Also had a counselling session with Kunu. As I did things I enjoyed at the weekend, I think she's pleased with me. Though of course I know that isn't the object of the exercise. We talked about shopping and the Quakers, about friends and books. We agreed that perhaps the reason why I've been stuck on the last chapter of The Gifting is that I've been worried for days about whether I should or shouldn't go up to London to see the university gals. Then when I make the decision yesterday not to go, I felt some inner knot untie itself (heck, there's psycho drama for you) and then spent some time late last night telling Lord H what my last chapter would contain. Hell, it all came flooding out, and I had to rush to scribble the notes down. Luckily he has promised to expunge it from his memory so it won't spoil his reading if it ever comes to the page. Zip zip and the memory is gone ... it's amazing how Lord H can do that, y'know. Must be a boy thing.

Anyway, back at the counselling, Kunu is sure there's a link there somewhere. We talked about the uni gang for a while actually, and I think the trouble is that we're all performers to some extent or other. I think we spent a lot of time when we first met pretending things were different than they actually were. Sometimes that particular group friendship is like being on stage and we're all performing our own versions of a play which doesn't quite gel. Maybe over the years we've all changed so much and yet still, whenever we meet, we're back performing our usual roles, come what may. It can make it feel - at least for me - very awkward, and I get very tense and jittery about it all. And yet ... and yet ... I freely admit that, without them, I would never have managed to get through university. Or indeed my early 20s. Where did it all start to change? God knows. Maybe I should invite them all round for my birthday in June and just have a normal chat. Whatever that is. Again, God knows. I'm in two minds. As ever.

Though I have to say in my defence that it's not only me who's decided not to go to London tomorrow - someone else has dropped out to. For reasons more valid than mine. But at least it makes me feel less guilty. Which makes a bloody change then.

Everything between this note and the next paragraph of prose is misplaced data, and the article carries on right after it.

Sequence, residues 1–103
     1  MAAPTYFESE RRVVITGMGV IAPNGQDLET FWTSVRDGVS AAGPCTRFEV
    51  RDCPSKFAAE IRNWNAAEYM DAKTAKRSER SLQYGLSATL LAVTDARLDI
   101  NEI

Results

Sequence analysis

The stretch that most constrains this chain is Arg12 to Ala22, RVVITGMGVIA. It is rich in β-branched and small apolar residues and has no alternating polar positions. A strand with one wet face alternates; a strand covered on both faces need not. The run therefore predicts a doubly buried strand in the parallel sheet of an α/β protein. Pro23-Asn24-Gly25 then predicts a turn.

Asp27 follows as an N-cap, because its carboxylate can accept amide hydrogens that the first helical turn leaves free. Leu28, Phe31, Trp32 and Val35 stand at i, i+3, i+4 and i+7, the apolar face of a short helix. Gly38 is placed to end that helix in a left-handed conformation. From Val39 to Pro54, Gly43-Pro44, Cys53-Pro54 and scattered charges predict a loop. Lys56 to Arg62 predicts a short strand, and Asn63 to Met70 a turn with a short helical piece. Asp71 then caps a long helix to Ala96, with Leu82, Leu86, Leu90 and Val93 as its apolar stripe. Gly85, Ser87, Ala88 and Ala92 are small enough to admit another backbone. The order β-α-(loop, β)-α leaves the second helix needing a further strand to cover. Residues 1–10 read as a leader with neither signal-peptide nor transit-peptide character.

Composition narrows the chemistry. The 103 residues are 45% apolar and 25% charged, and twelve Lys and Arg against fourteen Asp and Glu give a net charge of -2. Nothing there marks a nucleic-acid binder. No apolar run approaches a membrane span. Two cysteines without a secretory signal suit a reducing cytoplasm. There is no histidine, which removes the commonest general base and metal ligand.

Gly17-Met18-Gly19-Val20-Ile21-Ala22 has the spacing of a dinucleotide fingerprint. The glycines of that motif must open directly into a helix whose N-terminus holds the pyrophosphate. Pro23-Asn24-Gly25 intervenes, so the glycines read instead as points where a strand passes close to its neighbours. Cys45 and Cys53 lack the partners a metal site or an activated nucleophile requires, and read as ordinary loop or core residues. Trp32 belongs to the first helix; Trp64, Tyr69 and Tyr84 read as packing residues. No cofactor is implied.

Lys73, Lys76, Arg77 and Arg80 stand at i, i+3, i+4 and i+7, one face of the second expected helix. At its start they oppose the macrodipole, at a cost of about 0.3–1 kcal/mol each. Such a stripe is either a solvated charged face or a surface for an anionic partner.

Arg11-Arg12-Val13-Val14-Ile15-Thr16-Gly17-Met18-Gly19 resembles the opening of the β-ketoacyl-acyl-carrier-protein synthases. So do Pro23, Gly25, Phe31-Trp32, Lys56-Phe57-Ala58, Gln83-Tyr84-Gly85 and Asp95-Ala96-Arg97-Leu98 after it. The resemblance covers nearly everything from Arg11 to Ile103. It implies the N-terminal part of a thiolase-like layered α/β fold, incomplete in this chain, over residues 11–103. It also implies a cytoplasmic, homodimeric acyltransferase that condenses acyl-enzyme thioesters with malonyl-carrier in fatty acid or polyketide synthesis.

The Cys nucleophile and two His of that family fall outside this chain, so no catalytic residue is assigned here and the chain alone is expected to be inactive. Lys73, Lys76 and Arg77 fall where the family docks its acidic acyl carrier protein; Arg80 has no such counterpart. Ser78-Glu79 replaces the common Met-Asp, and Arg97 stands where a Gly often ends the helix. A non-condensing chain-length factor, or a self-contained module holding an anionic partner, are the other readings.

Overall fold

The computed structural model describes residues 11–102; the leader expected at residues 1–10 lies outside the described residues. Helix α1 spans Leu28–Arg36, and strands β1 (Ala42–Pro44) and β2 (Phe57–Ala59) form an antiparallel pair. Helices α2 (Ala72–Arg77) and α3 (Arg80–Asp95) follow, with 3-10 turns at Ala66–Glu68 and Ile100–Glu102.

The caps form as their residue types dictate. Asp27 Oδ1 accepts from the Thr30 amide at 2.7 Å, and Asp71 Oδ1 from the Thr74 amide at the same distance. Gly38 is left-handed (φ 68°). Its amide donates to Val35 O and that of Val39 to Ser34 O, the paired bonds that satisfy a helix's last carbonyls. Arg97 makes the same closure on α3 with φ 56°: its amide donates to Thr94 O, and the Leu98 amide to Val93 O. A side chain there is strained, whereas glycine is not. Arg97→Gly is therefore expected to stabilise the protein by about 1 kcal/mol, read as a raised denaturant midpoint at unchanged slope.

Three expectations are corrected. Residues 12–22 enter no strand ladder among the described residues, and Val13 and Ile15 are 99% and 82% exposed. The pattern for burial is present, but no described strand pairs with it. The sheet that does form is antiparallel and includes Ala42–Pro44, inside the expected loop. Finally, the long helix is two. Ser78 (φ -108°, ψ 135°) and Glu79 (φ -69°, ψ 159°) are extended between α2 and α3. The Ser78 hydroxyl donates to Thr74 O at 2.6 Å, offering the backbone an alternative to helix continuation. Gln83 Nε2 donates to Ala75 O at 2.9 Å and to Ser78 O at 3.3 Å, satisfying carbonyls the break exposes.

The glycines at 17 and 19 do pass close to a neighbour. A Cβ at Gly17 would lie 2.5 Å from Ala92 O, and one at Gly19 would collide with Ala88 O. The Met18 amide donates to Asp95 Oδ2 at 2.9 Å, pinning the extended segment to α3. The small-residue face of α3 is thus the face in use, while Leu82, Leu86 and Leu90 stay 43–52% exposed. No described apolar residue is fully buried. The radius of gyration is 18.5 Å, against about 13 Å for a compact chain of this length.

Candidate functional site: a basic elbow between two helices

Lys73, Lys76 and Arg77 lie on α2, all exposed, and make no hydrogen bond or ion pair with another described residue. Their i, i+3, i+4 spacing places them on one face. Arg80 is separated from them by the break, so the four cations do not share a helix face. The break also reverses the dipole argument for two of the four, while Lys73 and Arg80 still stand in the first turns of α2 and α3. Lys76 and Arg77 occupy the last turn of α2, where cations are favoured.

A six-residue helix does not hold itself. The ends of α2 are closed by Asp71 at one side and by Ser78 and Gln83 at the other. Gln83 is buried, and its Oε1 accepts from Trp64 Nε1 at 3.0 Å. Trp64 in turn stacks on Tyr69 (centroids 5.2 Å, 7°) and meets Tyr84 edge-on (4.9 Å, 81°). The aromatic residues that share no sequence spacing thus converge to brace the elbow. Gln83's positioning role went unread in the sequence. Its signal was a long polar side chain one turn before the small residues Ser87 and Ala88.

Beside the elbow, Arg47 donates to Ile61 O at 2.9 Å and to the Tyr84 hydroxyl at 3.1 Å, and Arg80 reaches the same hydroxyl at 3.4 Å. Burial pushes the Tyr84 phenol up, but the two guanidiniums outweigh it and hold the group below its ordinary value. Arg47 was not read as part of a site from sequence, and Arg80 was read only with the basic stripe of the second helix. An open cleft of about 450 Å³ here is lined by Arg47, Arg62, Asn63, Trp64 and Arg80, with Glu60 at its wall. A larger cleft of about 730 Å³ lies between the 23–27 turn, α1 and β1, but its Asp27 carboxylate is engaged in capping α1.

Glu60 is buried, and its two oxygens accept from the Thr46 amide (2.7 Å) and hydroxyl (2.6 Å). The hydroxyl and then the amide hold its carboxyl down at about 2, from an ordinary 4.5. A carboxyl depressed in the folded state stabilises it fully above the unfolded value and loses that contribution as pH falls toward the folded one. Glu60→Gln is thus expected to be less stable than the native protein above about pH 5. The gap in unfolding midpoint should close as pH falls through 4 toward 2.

After counselling, I popped for tea & chat at Jane H's (hello, Jane!). This was lovely - I really enjoyed it. Sooo relaxing. And we covered so many topics. From recycling (we are both very excited about the new food recycling project in Guildford - my, how "Surrey" we both are indeed! - and I am desperate for it to come to Godalming too ..) to my mother's strange feelings about houses (they have atmospheres, you know), from the children (eat your veggies, little people, and stop pouting ...) to horse-riding, and from Roman soldiers to hearing voices (me, not her, I hasten to add, but then you knew that ...). Talking of which, Jane's mother has also apparently read A Dangerous Man ( and was desperately worried that I'd had some past trauma that caused me to write such stories and was wanting to know how to help. Jane was able to reassure her, saying apparently that it was only that I heard Michael's voice in my head and just wrote down what he was trying to say. Strangely, this did reassure her - perhaps finding out that I'm probably a complete nutter was not a total surprise ... Still, I was very touched she'd been worried - so thank you, Mrs R.

Also, whilst at Jane's, I ordered some more Nutrimetics ( products, so won't have to worry about running out of same. Hurrah!

Back home, I come to my emails, and was instantly plunged into the slough of despond to realised that my first quarter (ie 13 Feb to end March) sales of ADM have been ... um ... 44. Which Flame Books have now understandably downgraded from good sales to promising sales. To be honest, I'm surprised that anyone should think 44 is good sales, but perhaps they all came in the first two weeks and they were hoping the sudden spurt would continue. Ah well. No, I'm sounding too philosophical now. Actually, I cried, but it did start raining at the same time so at least I'm doing my bit for the ongoing literary tool of pathetic fallacy. To be honest, I was upset as I was hoping it might be in the 80s figure, maybe even more (though that for me would be serious dreamland only 2 months or so after publication). Though, once I'd dried my tears and had a banana, I checked my records and did remember that I've sold 11 copies myself, so have dragged the figure up single-handedly to 55. Hurrah indeed. So, in royalties terms (the 11 sold author copies don't count of course for that), I've made £35.20. Which I won't get of course as they don't, understandably, pay royalties until the figure goes over £100. My, how it makes me laugh when people think I earn money from books. Slap my thighs and build me a garret.

And, if I'm trying to be sensible, I will be lucky if I reach 100 copies sold with this one. Michael is a specialised (and possibly very acquired) taste. Looking back on my past books, The Hit List has only sold 93 in the three years since I published it, and Pink Champagne and Apple Juice (my biggest success so far!) has only sold 105 since last year. So the disappointing sales of ADM are, I suppose, at least par for the course. I pride myself, however, on having round about 40 very discerning readers - to you all, thank you. I hope you might read me again. Small is beautiful indeed. Should any publisher ever be idiotic enough to take yet another chance on me, that is.